Pacifica Quartet at Wigmore Hall – 1

Beethoven
String Quartet in B flat, Op.18/6
Ligeti
String Quartet No.1 (Métamorphoses nocturnes)
Brahms
String Quartet in A minor, Op.51/2

Pacifica Quartet [Simin Ganatra & Sibbi Bernhardsson (violins), Masumi Per Rostad (viola) & Brandon Vamos (cello)]


Reviewed by: Richard Whitehouse

Reviewed: 29 November, 2008
Venue: Wigmore Hall, London

The Pacifica Quartet. Photograph: pacificaquartet.comThe Pacifica Quartet’s visits to Wigmore Hall have become a welcome fixture on the recital calendar. This recital was typically inventive as programming, in that it framed a ‘modern’ quartet that has only latterly come into its own with staples from the Austro-German repertoire.

The earlier of Beethoven’s B flat string quartets is an enticing synthesis of tradition and innovation. The Pacifica caught the Haydnesque wit of its opening Allegro – not least in its teasing uncertainty prior to the reprise – to perfection, then wisely refrained from milking the pathos of its unassuming slow movement. The scherzo is the first of its type that is unequivocally Beethovenian – here its brusque humour and rhythmic drive were both engagingly to the fore. As to the finale, the inward soulfulness of its ‘La Malinconia’ introduction formed a tight continuity with the carefree music that follows, the Pacifica mindful to increase momentum over the course of the movement so the final alternation of these opposing character-types brought a sure sense of inhibitions being confronted and overcome.

The inhibitions that Ligeti had to face during the period of his First String Quartet (1954) were as much conceptual as personal: how to sustain an individual idiom in the knowledge that such music was sure to remain unperformed in the Hungary of the immediate post-Stalin era. Although heard in Vienna just four years after its completion, only in the last decade has the piece received regular airings – rightly so, as whatever its indebtedness to Bartók (Ligeti himself acknowledged the importance of the Third and Fourth Quartets; the Second and Fifth are also evident but neither the First nor Sixth – deliberately, perhaps, in that these latter were the only two ‘available’ for performance at the time), the sheer personality which it invests in this subtle rethinking of the genre still compels admiration.

Although it unfolds as an unbroken 20-minute continuity, Ligeti’s First Quartet is derived from a pair of interrelated motifs that afford unity over a contrasted, even divisive sequence of vignettes that ranging from expressionistic anxiety, via parodistic humour, to musing resignation. Admirably as the Pacifica encompassed them, even more impressive was the degree to which these contrasts became more precipitous, climaxing in a fraught interplay out of which defeat was the only outcome. Those hearing it for the first time must surely have been provoked into making its acquaintance further.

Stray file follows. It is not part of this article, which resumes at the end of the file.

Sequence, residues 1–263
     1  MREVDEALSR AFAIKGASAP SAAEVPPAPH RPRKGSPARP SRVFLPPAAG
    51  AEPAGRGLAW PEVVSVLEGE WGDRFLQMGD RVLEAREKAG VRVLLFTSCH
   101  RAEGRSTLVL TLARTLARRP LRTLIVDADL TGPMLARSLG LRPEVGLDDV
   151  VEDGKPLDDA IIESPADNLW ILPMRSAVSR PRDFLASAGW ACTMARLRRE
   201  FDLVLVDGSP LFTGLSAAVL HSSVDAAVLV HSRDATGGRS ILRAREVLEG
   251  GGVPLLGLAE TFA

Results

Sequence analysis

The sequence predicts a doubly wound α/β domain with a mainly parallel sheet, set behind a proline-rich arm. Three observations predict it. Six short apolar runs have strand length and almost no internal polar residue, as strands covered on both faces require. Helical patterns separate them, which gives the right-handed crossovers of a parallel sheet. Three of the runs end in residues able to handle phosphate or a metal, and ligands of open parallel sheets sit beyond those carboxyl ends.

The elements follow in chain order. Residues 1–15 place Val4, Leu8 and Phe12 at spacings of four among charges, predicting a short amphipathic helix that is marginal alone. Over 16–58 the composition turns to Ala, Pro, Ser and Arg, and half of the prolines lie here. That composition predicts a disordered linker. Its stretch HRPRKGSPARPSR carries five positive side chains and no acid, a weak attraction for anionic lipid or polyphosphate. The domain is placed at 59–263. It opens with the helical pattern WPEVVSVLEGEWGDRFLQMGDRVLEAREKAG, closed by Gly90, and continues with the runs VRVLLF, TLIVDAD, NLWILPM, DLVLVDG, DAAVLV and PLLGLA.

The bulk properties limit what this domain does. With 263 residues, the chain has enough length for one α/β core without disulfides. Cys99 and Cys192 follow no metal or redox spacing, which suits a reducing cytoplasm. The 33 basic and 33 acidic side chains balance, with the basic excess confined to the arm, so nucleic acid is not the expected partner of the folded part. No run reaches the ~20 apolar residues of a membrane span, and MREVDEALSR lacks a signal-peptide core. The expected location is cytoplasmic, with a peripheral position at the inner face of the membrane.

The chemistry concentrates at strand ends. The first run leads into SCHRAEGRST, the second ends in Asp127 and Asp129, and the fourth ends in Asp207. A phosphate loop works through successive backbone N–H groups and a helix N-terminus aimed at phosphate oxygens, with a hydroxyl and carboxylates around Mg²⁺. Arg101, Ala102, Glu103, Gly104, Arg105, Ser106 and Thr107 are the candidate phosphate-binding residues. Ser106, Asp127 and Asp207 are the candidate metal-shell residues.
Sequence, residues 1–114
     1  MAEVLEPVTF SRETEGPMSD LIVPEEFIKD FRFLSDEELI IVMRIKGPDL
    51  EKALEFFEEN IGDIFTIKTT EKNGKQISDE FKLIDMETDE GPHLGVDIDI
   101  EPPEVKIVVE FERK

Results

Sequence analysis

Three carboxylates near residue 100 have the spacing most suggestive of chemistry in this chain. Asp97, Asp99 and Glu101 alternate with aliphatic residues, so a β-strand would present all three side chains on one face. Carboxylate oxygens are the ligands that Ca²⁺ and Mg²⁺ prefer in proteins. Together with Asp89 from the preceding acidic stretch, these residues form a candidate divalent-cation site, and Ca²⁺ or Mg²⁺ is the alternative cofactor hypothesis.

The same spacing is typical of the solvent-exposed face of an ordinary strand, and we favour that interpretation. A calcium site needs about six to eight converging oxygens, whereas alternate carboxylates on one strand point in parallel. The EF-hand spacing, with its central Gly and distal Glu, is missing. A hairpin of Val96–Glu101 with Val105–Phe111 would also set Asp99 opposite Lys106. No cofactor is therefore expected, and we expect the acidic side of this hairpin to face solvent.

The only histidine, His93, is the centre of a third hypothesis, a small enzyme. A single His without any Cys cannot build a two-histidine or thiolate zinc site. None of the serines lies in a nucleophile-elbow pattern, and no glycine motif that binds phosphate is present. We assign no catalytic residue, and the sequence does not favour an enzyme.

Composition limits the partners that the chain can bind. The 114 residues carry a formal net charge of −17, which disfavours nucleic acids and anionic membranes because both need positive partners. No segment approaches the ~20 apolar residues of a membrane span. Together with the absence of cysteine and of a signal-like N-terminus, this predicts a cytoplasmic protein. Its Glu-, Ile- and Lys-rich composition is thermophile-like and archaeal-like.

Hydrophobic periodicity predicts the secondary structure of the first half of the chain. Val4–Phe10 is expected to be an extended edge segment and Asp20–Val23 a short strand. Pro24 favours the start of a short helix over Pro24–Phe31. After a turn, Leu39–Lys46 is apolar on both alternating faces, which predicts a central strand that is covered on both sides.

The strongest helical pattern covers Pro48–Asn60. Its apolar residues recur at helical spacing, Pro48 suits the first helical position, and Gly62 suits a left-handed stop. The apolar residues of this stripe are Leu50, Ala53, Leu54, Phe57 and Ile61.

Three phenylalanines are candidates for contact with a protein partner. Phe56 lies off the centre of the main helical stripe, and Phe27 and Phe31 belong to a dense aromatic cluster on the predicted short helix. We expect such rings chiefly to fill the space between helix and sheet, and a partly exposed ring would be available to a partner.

If there was a work in this concert that needed special pleading, it is Brahms’s A minor Quartet. As with ‘the symphony’, the composer spent many years contemplating a genre so over-loaded with precedent before committing himself. Whether or not he completed and destroyed some 20 quartets in the interim, the first two of Brahms’s three quartets only emerged in 1873 after almost a decade of struggle. Even then, they were received with admiration rather than affection and can feel overly inhibited next to the earlier sextets or later quintets. Yet, unlike its edgy C minor companion or its discursive B flat successor, the A minor has a lyricism and warmth that need only a sympathetic performance in which to shine – the legacies of Beethoven and Schubert existing in perfect accord.

Such was certainly the case here, with the Pacifica maintaining a fine balance between the music’s formal ingenuity and its expressive poise. The opening movement was exemplary in this respect, with the wistful elegance of the Andante and whimsical humour of the ‘Quasi menuetto’ which follows no less well delineated. Its rhythmic dislocation here furthering rather than impeding overall momentum, the finale was hardly less perceptive – not least when rendered with such audible tonal refinement.

An uncommonly fine performance, then, to round off an excellent recital: as an encore, the Pacifica offered the ‘Cavatina’ from Beethoven’s ‘late’ B flat Quartet – inwardly intense yet without extraneous profundity, it made one look forward to a full account of a work that this fine ensemble has yet to give in London, though this will have to wait at least until after these musicians’ Elliott Carter marathon in February.

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